DETROIT PISTONS PREVIEW 2011
STATE OF THE FRANCHISE
After eight consecutive trips to the postseason, Detroit missed the playoffs for the second season in a row last year. The team went 30-52 while dealing with internal team conflict, including a player protest, which saw numerous veteran players skip practice in protest of then coach John Kuester. The Pistons were the definition of dysfunction during the 2010-11 campaign. Stuck in neutral due to a painstakingly long ownership change, Pistons president Joe Dumars was handcuffed in his ability to make roster moves.
With the team now sold to billionaire Tom Gores, Dumars has regained the ability to mold his roster and has already started making changes. The first order of business was firing Kuester and replacing him with former Nets coach Lawrence Frank. Dumars also parted ways with veterans Richards Hamilton (bought out) and Tracy McGrady (free agency) Ė both of whom were prominent figures in the player protest last season. Detroit is now set to push forward with longtime Pistons Tayshaun Prince and Ben Wallace as the veteran leadership while building around young pieces like their two most recent lottery picks, Greg Monroe and Brandon Knight.
PLAYING TIME DISTRIBUTION
Monroe and Wallace are the only two players on the Pistons roster who even resemble a center, so look for them to both see time at the pivot. Wallace will see around 20 minutes per night at the position while Monroe will see 32-35 mpg splitting time between the four and five spots. Any remaining playing time at power forward will be split between Charlie Villanueva, Jonas Jerebko, Jason Maxiell and rookie Vernon Macklin. Itís still unclear who will win the starting spot at power forward, but Villanueva and Jerebko both figure to see 20-25 mpg at the position. Maxiell will get his usual 15-18 mpg to start the season, but he could be pushed to the end of the bench by the younger Macklin as the season wears on. Prince is locked in as the starter at small forward and will see 31-33 mpg, with Austin Daye backing him up at 18-20 mpg. While the starting backcourt hasnít been decided, the final rotation is expected to primarily feature Rodney Stuckey, Ben Gordon and Knight. Stuckey will see time at both guard positions. Whether starting or coming off the bench, Stuckey will log around 32 mpg. Gordon is the early favorite to start at shooting guard, with a chance to log 30+ mpg for the first time since he joined the Pistons. Knightís role will likely be limited early in the season, but he could end up playing 24-28 mpg by seasonís end. Backup point guard Will Bynum will see his usual 14-16 mpg but could see an increased role if Knight doesnít develop as fast as expected.
Greg Monroe: Relegated to a reserve role for most of the first half of the season, Monroe initially struggled to find his footing in the NBA. He averaged 5.4 points and 5.2 rebounds in 32 games off the bench. It wasnít until Monroe was promoted to the starting lineup that he truly blossomed. In 48 starts, Monroe averaged 12.0 points, 9.1 rebounds, 1.4 steals and 0.7 blocks. The 21-year-old out of Georgetown turned into a double-double machine after the All-Star break, recording 14 in 25 post-break games. Monroe isnít terribly athletic and often plays below the rim, so he might never be an elite rebounder or shot blocker, but he has active hands and has the ability to be one of the better thieves among pivots. Although his assist numbers (1.3) werenít impressive during his rookie campaign, Monroe is also a quality passer for a big man and should post decent numbers in that category as his game matures. The Pistons are in full-blown rebuilding mode, and Monroe figures to be one of the teamís centerpieces. Heís among the better up-and-coming centers in fantasy and should be a nightly double-double threat for years to come.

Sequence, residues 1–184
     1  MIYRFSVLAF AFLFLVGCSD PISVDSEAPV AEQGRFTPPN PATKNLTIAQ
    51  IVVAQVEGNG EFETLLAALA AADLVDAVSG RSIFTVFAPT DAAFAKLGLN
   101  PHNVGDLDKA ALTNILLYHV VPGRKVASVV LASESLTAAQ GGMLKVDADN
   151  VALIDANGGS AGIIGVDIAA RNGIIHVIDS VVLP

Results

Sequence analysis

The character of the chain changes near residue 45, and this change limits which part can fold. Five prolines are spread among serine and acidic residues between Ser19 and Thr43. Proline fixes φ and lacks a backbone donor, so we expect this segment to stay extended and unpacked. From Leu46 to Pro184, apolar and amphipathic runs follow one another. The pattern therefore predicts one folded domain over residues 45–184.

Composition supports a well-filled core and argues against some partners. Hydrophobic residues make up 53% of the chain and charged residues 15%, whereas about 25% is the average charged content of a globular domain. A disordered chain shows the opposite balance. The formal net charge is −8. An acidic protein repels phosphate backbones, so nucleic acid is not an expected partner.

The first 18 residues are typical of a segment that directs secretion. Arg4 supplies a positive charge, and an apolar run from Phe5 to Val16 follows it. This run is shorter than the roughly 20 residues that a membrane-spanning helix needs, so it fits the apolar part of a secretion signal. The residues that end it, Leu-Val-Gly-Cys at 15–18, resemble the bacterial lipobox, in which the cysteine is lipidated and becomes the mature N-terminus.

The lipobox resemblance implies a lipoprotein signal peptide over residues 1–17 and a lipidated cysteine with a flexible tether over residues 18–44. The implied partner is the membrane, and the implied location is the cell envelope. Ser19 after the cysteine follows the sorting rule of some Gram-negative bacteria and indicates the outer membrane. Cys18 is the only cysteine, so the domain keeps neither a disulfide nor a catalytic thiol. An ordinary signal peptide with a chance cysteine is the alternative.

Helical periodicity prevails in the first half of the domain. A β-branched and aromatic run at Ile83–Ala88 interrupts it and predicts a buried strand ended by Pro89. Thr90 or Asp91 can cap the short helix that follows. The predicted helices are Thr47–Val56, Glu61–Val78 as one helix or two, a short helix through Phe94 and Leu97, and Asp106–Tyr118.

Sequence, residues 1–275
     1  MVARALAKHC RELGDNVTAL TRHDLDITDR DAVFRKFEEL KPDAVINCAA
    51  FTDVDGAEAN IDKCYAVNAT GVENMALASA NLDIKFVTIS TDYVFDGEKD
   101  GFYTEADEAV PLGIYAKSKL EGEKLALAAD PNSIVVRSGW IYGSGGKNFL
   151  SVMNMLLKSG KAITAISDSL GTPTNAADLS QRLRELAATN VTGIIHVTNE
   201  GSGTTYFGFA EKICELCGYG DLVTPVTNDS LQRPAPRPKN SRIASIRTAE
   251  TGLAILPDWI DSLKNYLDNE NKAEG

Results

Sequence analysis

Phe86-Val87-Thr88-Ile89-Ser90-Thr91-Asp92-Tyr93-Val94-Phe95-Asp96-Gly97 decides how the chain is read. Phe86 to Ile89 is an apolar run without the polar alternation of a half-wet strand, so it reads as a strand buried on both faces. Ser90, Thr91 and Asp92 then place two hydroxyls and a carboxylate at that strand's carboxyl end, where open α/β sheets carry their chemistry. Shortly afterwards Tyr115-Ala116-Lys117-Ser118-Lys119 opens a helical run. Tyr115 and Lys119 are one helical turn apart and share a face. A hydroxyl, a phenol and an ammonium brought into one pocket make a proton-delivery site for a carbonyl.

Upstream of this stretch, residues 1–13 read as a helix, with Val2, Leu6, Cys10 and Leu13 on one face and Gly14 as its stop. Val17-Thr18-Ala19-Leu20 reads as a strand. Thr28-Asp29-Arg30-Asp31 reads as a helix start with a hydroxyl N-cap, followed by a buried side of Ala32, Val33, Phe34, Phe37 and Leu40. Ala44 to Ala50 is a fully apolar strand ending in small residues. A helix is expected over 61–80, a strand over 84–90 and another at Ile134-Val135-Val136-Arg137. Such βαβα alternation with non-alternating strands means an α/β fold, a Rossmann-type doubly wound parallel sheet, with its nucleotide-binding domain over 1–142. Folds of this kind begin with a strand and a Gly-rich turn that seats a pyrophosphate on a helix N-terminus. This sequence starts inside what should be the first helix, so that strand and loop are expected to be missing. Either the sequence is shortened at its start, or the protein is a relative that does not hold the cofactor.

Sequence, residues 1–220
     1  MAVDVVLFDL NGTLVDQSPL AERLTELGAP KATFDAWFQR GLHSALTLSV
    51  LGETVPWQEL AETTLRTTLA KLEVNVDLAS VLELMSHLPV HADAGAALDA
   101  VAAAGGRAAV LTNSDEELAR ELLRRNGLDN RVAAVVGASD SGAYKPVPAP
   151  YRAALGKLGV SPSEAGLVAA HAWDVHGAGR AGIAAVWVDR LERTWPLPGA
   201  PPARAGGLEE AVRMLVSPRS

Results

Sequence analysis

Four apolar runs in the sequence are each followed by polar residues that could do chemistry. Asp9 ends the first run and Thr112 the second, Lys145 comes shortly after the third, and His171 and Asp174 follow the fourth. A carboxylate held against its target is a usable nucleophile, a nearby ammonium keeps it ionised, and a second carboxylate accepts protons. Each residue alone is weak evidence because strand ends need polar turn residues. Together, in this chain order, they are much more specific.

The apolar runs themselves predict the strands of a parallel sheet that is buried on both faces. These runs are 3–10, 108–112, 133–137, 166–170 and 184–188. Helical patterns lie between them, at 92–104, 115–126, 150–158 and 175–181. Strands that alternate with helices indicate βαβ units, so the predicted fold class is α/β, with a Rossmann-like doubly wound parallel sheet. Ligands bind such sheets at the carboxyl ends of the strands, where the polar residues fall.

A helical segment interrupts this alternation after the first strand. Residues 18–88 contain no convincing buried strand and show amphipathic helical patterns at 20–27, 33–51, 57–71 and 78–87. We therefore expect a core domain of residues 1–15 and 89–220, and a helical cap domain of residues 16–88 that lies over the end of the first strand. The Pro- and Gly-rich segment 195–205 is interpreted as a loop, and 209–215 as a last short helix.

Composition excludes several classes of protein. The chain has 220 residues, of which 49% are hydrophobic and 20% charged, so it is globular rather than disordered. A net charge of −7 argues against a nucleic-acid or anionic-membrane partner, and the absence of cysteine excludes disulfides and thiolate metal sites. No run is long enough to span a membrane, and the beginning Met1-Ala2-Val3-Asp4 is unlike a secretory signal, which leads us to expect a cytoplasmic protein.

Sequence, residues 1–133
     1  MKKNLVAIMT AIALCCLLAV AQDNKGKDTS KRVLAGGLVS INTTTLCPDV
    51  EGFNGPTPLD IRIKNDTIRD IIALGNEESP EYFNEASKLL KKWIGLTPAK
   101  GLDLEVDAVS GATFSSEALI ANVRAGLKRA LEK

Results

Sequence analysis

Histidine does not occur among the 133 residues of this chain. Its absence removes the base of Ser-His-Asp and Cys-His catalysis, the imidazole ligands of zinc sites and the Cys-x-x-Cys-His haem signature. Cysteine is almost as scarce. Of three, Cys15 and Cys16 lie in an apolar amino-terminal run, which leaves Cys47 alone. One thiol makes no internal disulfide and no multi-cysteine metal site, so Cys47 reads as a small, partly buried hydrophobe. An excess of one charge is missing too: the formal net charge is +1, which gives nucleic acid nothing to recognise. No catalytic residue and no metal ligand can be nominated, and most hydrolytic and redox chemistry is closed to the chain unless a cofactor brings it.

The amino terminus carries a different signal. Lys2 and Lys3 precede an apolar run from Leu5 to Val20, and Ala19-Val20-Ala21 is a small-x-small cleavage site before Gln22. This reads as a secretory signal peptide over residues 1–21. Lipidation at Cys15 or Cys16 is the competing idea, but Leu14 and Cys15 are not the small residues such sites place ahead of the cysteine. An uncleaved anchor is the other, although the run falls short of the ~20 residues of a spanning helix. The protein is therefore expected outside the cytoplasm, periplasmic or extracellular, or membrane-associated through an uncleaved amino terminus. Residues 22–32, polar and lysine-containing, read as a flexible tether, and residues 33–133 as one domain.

Ben Wallace: Big Ben provides the Pistons with veteran leadership and still provides solid play on the defensive end of the court, but at 37, heís in the twilight of his career. Wallace averaged a respectable 6.5 rebounds, 1.0 steals and 1.0 blocks in 23 minutes per game last year, but his scoring (2.9 points) dipped to his lowest average since his rookie campaign in 1996-97 in Washington. The Pistons are shallow enough in the frontcourt that Wallace will still have a role with the team. He could even possibly sneak into the starting five, but donít expect production above last yearís levels.
Tayshaun Prince: Once thought a sure thing to leave the Pistons via free agency, Prince surprised Detroitís fan base by re-upping for another four years with the only NBA team heís ever known. Despite all the turmoil surrounding him last year, Prince managed to put up another season of model consistency, averaging 14.1 points, 4.2 rebounds and 2.8 assists while shooting 47.3 percent from the floor and 70.2 percent from the charity stripe. While the Pistons are trending younger, Prince will remain a fixture in the lineup and continue to play about 30 mpg.
Charlie Villanueva: Villanueva has struggled ever since signing a lucrative contract with the Pistons in 2009. His playing time dropped to a career low 22 mpg last season, leading to disappointing averages of 11.1 points and 3.9 rebounds. Despite the limited playing time, Charlie V was able to hit a career best 1.6 three-pointers per game. His role is still undetermined, but Villanuevaís versatility means heíll likely log minutes at both forward positions. After being vastly under used during his first two seasons in Detroit, Villanueva will have a chance to carve out a bigger role under the new coaching regime. Heís a solid bounce-back candidate to target late in drafts.